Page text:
\biggl[ - {(E_{\rm U} - E_{\rm L}) \over k T} \biggr] = {g_{\rm U}
\over g_{\rm L}} \, \exp \biggl( - {h \nu_0 \over k T} \biggr)~,$$
where $g_{\rm U}$ and $g_{\rm L}$ are the numbers of states with
energies $E_{\rm U}$ and $E_{\rm L}$. The quantities $g_{\rm U}$ and
$g_{\rm L}$ are called the
statistical weights of those energy
states. Examples of statistical weights include:

(1) Hydrogen atoms have $g_{\rm n}
=
2 n^2$, where ${n} =
1,~2,~3,\, ...$ is the electronic energy level. The number $2n^2$ is
the product of the 2 electron spin states and $n^2$ orbital angular
momentum states in the $n$th energy level.

(2) Rotating linear molecules
(e.g.,
carbon monoxide, CO) have $g =
2J +1$, where $J = 0,~1,~2,\, ...$ is the angular momentum quantum
number. For each $J$, there are $2J + 1$ possible values of the
$z$-component of the angular momentum: $J_z = -J,~-(J -
1),~...,~-1,~0,~1,~...,~(J-1),~J$.

(3) Hydrogen atoms have two
hyperfine
energy levels whose
difference yields the $\lambda = 21$ cm ($\nu_0 = 1420.406\dots$ MHz)
HI line; $g_{\rm U} = 3$ and $g_{\rm L} = 1$.

The balance of photon creation
and destruction in TE connects the mean energy density of blackbody
radiation to
properties of the quantum system (atom or molecule):

$$\bar{U} = { N_{\rm U} A_{\rm UL} \over N_{\rm L} B_{\rm LU} -
N_{\rm U} B_{\rm UL} } = {A_{\rm UL} \over (N_{\rm L} / N_{\rm
U})B_{\rm LU} - B_{\rm UL} }$$ Full TE at temperature $T$ implies both

$$ \bar{U} = A_{\rm UL} \biggl[ {g_{\rm L}
\over g_{\rm U}} \exp\biggl( {h \nu_0 \over k T} \biggr) B_{\rm LU} -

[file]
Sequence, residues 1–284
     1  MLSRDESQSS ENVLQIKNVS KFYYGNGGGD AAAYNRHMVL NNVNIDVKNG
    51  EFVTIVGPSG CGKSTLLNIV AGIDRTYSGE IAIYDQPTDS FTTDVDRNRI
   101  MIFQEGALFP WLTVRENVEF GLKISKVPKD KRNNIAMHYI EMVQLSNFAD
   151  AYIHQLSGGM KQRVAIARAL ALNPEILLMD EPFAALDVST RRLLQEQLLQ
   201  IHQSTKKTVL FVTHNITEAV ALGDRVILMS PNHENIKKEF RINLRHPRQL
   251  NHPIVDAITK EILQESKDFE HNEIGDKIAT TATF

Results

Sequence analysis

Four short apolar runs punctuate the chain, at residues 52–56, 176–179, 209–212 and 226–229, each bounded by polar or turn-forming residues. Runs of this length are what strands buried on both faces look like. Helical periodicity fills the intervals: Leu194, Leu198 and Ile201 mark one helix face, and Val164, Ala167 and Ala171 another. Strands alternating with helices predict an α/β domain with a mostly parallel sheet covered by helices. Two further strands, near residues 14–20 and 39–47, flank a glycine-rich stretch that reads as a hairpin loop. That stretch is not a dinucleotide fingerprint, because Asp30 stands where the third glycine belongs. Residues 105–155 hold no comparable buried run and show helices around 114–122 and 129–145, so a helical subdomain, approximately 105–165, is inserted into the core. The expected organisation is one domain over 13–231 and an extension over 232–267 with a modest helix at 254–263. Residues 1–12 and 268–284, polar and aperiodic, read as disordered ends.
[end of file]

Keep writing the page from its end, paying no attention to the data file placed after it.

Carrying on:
B_{\rm UL} \biggr]^{-1}$$ and

$$\bar{U} = {4 \pi \over c}\int_0^\infty B_\nu(T)
\,\phi(\nu) d \nu~.$$ Inserting the Planck radiation law for $B_\nu(T)$
near $\nu = \nu_0$ gives $$\bar{U} \approx {4 \pi \over c} { 2 h
\nu_0^3 \over c^2} \biggl[
\exp \biggl( { h \nu_0 \over k T} \biggr) - 1 \biggr]^{-1}~.$$

Next we
equate these two expressions for $\bar{U}$ at the line center
frequency:

$$A_{\rm UL} \biggl[ {g_{\rm L} \over g_{\rm U}} \exp\biggl(
{h \nu_0 \over k T} \biggr) B_{\rm LU} - B_{\rm UL} \biggr]^{-1} = {4
\pi \over c} { 2 h \nu_0^3 \over c^2} \biggl[ \exp \biggl( { h \nu_0
\over k T} \biggr) - 1 \biggr]^{-1}~.$$ This equality holds for * all*
temperatures
$T$, so

$$ {A_{\rm UL} \over B_{\rm UL}} \biggl[ {g_{\rm L} \over
g_{\rm U}} {B_{\rm LU} \over B_{\rm UL}} \exp\biggl({ h \nu_0 \over k
T}\biggr) - 1 \biggr]^{-1} = {8 \pi h \nu_0^3 \over c^3} \biggl[ \exp
\biggl( { h \nu_0 \over k T} \biggr) - 1 \biggr]^{-1}$$ implies both

$$\bbox[border:3px blue solid,7pt]{{ g_{\rm L} \over g_{\rm U} }
{B_{\rm LU} \over
B_{\rm UL} } = 1}\rlap{\quad \rm {(7B4)}}$$
and

$$\bbox[border:3px blue solid,7pt]{{A_{\rm UL} \over B_{\rm UL}}
= {8 \pi h \nu_0^3 \over c^3}}\rlap{\quad \rm {(7B5)}}$$
These two equations are called the equations
of detailed balance. They relate $A_{\rm UL}$,
$B_{\rm LU}$, and $B_{\rm UL}$, so all three quantities can be computed
if only
one (e.g., the spontaneous emission coefficient $A_{\rm UL}$) is
known. Equations 7B4 and 7B5 also prove that $B_{\rm UL}$ is not
zero; that is,
stimulated emission must occur.

Note that these equations are valid